As the market has started to recover, several “old” challenges that agents haven’t seen in a while have come up. Issues like multiple offers and making sure your buyer can win the bidding war; helping potential buyers obtain a loan when they do not have the greatest credit; and whether or not to use pocket listings are once again part of the buying and selling process.
Are there better strategies for handling these issues now?
It might not seem like there would be much of a difference between these challenges then and now, but today, after buyers and sellers are used to the recession’s market, it’s time to start reeducating them about what today’s market holds.
For instance, many buyers aren’t prepared and might even be shocked to learn their offer is one of several – and they could miss out on buying that home unless they strategize to win in that multiple offer situation. Teresa Stultz of Premier Living Properties in South Elgin told us she often has to prepare her buyers that this could happen, yet they are still shocked when it happens to them. Prepare your buyers for everything – not just pre-approval for loans anymore, but more situations, as well!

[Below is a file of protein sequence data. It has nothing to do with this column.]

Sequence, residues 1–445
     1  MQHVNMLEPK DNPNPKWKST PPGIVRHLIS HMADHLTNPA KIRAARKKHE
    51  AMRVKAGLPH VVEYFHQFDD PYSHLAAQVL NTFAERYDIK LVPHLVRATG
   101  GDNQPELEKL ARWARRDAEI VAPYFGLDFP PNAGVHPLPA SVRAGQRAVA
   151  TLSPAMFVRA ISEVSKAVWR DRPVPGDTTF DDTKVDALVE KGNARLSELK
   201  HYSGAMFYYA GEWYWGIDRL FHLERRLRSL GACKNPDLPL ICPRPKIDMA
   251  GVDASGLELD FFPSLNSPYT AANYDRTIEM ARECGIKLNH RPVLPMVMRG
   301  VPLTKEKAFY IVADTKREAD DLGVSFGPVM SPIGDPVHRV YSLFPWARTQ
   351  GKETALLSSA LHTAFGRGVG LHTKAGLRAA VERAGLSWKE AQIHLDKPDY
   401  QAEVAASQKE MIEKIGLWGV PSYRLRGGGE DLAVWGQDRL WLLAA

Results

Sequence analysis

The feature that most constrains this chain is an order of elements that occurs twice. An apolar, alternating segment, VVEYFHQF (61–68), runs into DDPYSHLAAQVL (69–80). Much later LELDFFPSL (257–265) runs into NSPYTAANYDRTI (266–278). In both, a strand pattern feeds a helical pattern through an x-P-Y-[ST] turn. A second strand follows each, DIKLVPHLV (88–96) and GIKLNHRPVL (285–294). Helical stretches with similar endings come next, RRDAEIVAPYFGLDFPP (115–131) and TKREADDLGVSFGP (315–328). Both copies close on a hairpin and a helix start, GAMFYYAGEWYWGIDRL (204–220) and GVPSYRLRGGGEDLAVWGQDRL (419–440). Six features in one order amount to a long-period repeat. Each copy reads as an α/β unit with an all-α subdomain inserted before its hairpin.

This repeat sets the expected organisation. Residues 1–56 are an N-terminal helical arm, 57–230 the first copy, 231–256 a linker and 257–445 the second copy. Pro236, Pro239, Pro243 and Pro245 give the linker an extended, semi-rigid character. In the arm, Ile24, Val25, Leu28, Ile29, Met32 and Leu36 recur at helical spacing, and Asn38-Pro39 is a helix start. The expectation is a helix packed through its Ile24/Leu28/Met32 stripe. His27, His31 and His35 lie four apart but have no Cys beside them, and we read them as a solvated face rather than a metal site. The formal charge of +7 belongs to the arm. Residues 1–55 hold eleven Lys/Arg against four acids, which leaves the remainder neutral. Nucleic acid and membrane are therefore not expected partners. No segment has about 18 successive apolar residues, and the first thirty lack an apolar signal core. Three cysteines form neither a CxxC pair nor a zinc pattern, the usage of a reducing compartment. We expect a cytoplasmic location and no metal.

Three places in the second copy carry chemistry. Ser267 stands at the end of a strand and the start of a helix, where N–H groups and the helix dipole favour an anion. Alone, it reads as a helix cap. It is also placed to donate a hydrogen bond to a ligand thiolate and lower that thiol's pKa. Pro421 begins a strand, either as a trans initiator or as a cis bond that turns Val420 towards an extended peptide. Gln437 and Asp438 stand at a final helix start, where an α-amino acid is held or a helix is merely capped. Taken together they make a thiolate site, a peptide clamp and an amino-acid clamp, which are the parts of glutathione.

Appraisals are still big issues, too. Besides the agents featured in this issue, appraisals have been among the top complaints of every agent I have spoken to. These issues stem from appraisers “overcorrecting” to help curb loan officers from influencing the appraisal process. In theory, it seemed okay: the loan officer maintains no contact with the appraiser, and therefore, no questionable appraisers and no running up of housing prices.
But one important part was missing – the new rules abolished what are known as positive time adjustments. These are adjustment that an appraiser makes to account for a possible discrepancy in time between the property being appraised and its comps. When a home is being sold, if a comp matches the property almost perfectly, but was sold six months ago, if the market has appreciated, the appraiser should make a positive time adjustment, factoring in the market appreciation…but with positive time adjustments no longer allowed, now they can’t. In addition, there are often several buyers bidding and willing to pay over a home’s list price, yet the appraisal will still come in low because of the comps. When will appraisals and the value the buyers think the home is worth not be on opposite ends of the spectrum?
What do you think about the “new” market today? What are your challenges? Anything different than what we talk about in detail in our cover story? Email me at firstname.lastname@example.org and let me know what you think of this issue.